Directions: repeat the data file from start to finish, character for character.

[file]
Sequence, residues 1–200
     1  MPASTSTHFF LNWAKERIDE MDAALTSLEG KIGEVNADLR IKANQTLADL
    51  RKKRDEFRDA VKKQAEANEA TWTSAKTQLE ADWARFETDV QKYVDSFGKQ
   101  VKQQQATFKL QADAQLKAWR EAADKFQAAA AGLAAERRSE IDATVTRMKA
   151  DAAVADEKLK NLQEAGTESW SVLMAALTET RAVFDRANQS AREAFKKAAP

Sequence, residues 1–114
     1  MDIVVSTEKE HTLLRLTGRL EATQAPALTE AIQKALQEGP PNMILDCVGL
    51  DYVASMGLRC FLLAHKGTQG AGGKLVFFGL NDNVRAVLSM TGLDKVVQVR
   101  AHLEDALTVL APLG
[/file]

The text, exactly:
Sequence, residues 1–200
     1  MPASTSTHFF LNWAKERIDE MDAALTSLEG KIGEVNADLR IKANQTLADL
    51  RKKRDEFRDA VKKQAEANEA TWTSAKTQLE ADWARFETDV QKYVDSFGKQ
   101  VKQQQATFKL QADAQLKAWR EAADKFQAAA AGLAAERRSE IDATVTRMKA
   151  DAAVADEKLK NLQEAGTESW SVLMAALTET RAVFDRANQS AREAFKKAAP

Sequence, residues 1–114
     1  MDIVVSTEKE HTLLRLTGRL EATQAPALTE AIQKALQEGP PNMILDCVGL
    51  DYVASMGLRC FLLAHKGTQG AGGKLVFFGL NDNVRAVLSM TGLDKVVQVR
   101  AHLEDALTVL APLG